Here is an example of Serendipity.
I had earlier in the day read about the fractals of Jackson Pollock’s paintings. When the “itch” came back, I went on Google, even though I was watching the movie Mona Lisa Smile, for the first time since it came out. (This may also be an example of diversive curiosity becoming epistemic.) In the exact moment Jackson Pollock’s painting popped up on the TV screen, Google returned the search results. Serendipity, a moment, a sign of being in sync. Fractals. Geometric patterns repeated a different scales and magnifications. Everything is a microcosm of the macrocosm.
The glorious textures of Jackson Pollock’s paint on canvas. The movement. The rhythm. I love his work.
According to Primal Astrology, a system that combines Western and Chinese Astrology, Jackson Pollock is the Pufferfish. Read about the Pufferfish [here] which sheds a lot of light about this genius.
Nanoparticle physicist Richard Taylor also loves, loves, loves Jackson Pollock’s work and in 1994, he left physics at the University of New South Wales for Manchester School of Art. During a storm in the moors, he and his classmates built a wind-propelled pendulum-like device from a fallen branch attached to paint cans. The resulting canvas looked like a Pollock, leading Richard Taylor to believe Jackson Pollock painted like nature, his “brushstrokes” resembling fractals. Back to science for him to investigate further.
With the help of computer programs, along with Adam Micolich (fractal analysis researcher) and David Jonas (image-processing expert), Richard Taylor examined the patterns of Pollock paintings. They are indeed fractal.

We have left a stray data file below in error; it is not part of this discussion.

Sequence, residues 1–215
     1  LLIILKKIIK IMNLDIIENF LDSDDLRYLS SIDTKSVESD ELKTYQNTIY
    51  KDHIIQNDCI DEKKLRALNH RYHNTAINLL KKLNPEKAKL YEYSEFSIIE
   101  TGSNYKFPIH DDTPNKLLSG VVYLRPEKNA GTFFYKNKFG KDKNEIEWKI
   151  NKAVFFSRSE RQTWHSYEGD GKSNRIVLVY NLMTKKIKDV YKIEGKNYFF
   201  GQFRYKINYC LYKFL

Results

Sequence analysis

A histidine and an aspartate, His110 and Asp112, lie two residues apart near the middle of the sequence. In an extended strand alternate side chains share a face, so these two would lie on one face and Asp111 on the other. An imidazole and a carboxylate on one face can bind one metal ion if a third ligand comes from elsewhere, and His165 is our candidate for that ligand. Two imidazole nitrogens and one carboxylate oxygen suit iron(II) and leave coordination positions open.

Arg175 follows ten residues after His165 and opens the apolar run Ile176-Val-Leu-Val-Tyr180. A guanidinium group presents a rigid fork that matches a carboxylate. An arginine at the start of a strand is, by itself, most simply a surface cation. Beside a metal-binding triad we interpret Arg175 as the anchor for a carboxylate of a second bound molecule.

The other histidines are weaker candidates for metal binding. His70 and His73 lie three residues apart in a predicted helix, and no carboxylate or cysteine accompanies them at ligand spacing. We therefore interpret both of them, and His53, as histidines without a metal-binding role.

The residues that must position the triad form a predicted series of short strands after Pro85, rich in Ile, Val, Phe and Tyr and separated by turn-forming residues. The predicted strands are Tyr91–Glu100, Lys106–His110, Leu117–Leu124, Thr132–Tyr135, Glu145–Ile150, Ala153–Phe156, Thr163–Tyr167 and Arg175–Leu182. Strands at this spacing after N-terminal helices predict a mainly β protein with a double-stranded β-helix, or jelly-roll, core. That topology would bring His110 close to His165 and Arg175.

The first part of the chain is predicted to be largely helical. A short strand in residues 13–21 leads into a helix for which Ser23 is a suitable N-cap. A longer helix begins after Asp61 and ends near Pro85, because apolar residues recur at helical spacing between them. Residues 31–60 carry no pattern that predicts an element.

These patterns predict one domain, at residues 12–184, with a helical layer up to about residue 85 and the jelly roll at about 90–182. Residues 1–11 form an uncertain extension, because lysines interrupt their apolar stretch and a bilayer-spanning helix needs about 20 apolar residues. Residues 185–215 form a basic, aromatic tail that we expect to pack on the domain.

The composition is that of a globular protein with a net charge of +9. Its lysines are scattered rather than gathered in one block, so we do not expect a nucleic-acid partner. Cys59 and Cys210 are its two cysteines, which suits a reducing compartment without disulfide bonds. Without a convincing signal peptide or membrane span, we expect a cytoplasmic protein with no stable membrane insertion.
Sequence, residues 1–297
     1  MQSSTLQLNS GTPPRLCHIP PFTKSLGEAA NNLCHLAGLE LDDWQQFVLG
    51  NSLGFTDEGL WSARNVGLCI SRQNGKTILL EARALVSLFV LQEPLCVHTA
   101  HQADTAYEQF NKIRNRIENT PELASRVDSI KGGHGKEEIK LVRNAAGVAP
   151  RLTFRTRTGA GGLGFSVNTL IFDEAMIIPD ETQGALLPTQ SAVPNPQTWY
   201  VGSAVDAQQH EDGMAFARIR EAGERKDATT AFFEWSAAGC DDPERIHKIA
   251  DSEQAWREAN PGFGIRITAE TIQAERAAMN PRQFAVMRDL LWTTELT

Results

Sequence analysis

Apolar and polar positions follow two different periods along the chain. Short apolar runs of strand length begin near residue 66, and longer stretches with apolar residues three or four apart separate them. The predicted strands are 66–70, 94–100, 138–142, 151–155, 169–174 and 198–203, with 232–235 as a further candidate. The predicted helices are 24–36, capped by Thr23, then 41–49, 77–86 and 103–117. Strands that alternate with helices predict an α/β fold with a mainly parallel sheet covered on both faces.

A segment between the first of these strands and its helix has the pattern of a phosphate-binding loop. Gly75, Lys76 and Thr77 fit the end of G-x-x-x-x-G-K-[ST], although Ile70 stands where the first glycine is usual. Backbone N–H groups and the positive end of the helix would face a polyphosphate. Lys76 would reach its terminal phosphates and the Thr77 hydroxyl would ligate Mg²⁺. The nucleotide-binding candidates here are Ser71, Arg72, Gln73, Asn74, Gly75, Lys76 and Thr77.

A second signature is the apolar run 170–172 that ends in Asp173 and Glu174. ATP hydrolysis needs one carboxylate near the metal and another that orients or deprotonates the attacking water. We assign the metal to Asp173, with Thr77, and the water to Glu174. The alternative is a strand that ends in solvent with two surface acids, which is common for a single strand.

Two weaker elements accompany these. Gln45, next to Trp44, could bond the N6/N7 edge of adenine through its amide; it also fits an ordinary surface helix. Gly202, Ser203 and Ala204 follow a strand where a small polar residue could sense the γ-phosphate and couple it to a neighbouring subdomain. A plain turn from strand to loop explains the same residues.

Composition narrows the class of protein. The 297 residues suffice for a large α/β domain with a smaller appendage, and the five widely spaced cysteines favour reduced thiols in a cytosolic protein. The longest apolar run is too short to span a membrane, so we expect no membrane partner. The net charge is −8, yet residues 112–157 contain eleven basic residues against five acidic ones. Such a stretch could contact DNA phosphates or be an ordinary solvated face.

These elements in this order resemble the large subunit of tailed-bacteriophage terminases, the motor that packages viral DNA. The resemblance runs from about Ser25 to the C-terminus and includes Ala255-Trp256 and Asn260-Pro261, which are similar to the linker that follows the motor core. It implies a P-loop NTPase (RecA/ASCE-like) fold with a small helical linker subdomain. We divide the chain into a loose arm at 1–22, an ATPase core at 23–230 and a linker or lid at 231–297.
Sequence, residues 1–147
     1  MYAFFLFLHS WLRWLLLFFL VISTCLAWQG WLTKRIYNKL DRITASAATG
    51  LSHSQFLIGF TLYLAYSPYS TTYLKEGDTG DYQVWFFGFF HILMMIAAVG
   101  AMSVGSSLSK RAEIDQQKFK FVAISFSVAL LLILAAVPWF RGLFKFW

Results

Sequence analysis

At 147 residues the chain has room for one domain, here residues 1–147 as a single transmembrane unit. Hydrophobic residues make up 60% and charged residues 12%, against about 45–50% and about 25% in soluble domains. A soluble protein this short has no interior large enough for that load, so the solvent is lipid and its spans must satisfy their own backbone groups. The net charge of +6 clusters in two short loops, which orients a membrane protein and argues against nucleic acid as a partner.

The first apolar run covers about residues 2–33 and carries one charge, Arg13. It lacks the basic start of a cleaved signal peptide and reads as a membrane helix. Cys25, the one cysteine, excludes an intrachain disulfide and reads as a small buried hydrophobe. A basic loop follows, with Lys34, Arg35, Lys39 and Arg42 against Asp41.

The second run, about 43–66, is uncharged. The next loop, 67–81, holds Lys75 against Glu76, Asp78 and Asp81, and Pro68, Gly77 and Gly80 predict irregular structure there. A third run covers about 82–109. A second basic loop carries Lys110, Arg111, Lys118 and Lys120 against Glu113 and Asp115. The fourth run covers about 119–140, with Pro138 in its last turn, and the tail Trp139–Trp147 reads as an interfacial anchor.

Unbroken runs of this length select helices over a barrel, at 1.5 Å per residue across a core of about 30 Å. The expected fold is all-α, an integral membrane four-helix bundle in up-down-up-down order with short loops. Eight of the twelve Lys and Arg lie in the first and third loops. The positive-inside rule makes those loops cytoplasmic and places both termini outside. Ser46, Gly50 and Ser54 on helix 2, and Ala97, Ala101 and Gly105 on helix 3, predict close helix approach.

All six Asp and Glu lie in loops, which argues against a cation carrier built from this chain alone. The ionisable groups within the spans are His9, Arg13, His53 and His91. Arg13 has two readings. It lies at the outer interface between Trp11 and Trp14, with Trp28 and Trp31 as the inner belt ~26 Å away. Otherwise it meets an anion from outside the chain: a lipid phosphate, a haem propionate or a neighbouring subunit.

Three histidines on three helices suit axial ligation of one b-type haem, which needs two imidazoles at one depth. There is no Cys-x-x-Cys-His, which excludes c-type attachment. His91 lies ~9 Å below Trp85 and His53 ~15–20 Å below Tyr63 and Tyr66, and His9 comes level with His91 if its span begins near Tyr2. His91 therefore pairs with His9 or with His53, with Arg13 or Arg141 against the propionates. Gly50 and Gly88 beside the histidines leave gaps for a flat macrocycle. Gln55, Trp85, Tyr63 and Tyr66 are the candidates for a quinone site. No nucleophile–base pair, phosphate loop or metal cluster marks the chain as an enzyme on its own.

Incidentally, fractal analysis has been used to authenticate his paintings, with interestingly high accuracy.
Fractal dimension or degree of complexity, D, is measured between 1 and 2. The more complex the higher the D value. Research shows that people preferred low to mid D values. Jackson’s drip paintings had a D value of 1.12 in 1945, which increased to 1.7 in 1952.1 The mid-range is “relaxing” (alpha brain waves were observed) and the higher range is more active. Number 14 (1948) has a D value of 1.45, that of many coastlines.2
Florence Williams writes in her book The Nature Fix that Richard Taylor believes Pollock painted nature in his drip paintings with fractal geometry, before fractal geometry was a thing, and that our brains recognize these patterns quickly. “Pollock’s favoured dimension is similar to trees, snowflakes, and mineral veins.”3 For us, it is an easy and comfortable resonance and congruence with nature.
So the next time you need a pick-me-up or to relax, #getoutside. Lots of research shows how nature is healing and we are getting to find out how more and more. In Korea and Japan, forest bathing is government-funded to boost the people’s health, in countries where suicide and the concept of “death from overwork” (karoshi in Japan) are a sobering reality and hundreds of thousands of people take to these Forest Therapy trails in Japan where research goes back to 2003. The benefits of getting into greenery, back to nature, are becoming well-known, recognized, and enjoyed throughout the world, because, well, the ripple effects of urban living are undeniable. Getting back to nature is just healthy. Also maybe get a Pollock screensaver or print for your office space.
1 Order in Pollock’s Chaos by Richard Taylor. www.authenticationinart.org/pdf/literature/Richard-P.-TaylorOrder-in-Pollocks-Chaos.pdf
Read the PDF version of Order in Pollock’s Chaos here.
2 Pollock’s Fractals: That isn’t just a lot of splattered paint on those canvases, it’s good mathematics by Jennifer Ouellette. http://discovermagazine.com/2001/nov/featpollock
3 The Nature Fix. Florence Williams. W W Norton & Company. 2017.p115.
4 Ibid. p116.